Chronicle in Stone: A Novel by Ismail KadareChronicle in Stone: A Novel by Ismail Kadare

Chronicle in Stone: A Novel

byIsmail Kadare

Paperback | September 11, 2007

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Ismail Kadare’s classic novel of a boy’s coming of age in the midst of the horrors of war, in a stunning new translation.

Surrounded by the magic of beautiful women and literature, a boy must endure the deprivations of war as he suffers the hardships of growing up. His sleepy country has just thrown off centuries of tyranny, but new waves of domination inundate his city. Through the boy’s eyes, we see the terrors of World War II as he witnesses fascist invasions, allied bombings, partisan infighting, and the many faces of human cruelty–as well as the simple pleasures of life. When he is evacuated to the countryside, he expects to find an ideal world full of extraordinary things, but discovers instead an archaic backwater where a severed arm becomes a talisman and deflowered girls mysteriously vanish.

Masterful in its simplicity, Chronicle in Stone is both a touching coming-of-age story and a testament to the perseverance of the human spirit that will remind readers of Cinema Paradiso and Empire of the Sun.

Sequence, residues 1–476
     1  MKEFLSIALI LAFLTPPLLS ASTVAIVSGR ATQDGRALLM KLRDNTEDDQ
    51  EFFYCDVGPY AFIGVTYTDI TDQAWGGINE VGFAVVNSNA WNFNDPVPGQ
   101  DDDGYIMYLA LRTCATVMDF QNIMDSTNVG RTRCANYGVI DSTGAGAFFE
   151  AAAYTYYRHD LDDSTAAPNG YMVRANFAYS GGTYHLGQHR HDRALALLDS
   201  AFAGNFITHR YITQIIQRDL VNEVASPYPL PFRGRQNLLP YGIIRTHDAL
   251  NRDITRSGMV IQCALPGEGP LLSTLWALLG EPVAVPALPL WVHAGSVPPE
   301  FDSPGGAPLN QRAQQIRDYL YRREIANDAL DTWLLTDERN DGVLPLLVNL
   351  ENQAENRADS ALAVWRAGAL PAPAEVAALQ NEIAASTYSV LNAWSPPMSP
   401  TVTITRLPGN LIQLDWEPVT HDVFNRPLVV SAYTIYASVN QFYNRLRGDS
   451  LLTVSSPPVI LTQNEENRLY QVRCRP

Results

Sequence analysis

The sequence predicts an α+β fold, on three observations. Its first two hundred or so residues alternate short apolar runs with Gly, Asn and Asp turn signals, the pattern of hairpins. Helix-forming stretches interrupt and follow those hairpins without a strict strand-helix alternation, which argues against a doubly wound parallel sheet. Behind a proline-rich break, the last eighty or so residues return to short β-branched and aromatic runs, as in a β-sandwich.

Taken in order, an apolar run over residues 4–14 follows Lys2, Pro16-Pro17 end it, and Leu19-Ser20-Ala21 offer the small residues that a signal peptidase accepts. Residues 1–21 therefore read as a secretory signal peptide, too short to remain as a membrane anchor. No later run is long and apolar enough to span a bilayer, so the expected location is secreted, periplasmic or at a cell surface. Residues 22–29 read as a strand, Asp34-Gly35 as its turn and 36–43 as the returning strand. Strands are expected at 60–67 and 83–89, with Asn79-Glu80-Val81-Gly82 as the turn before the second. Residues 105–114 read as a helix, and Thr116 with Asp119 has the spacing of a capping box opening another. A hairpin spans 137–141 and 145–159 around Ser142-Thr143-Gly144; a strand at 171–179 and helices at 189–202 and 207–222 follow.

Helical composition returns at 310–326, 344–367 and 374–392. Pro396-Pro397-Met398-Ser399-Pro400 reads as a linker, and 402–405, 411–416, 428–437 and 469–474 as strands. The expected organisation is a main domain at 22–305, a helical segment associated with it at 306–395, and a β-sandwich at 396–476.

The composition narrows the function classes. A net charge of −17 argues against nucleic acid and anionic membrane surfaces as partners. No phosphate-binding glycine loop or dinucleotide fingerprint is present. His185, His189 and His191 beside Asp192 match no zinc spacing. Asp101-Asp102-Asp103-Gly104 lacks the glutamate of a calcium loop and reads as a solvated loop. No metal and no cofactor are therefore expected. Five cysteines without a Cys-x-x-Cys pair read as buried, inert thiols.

Ismail Kadare, Albania’s best known poet and novelist, won the first Man Booker International Prize in 2005. His most recent novel, The Successor, was named a New York Times Notable Book, and was a Financial Times Best Fiction pick.
Title:Chronicle in Stone: A NovelFormat:PaperbackDimensions:320 pages, 7.96 × 4.96 × 0.87 inPublished:September 11, 2007Publisher:Doubleday CanadaLanguage:English

The following ISBNs are associated with this title:

ISBN - 10:0385665210

ISBN - 13:9780385665216


Editorial Reviews

Winner of the Man Booker International Prize 2005

“A triumph . . . A beguiling conjunction of realism and fantasy.”
The New York Times Book Review

“No mere curiosity but a thoroughly enchanting novel–sophisticated and accomplished in its poetic prose and narrative deftness, yet drawing resonance from its roots in one of Europe’s most primitive societies.”
—John Updike, The New Yorker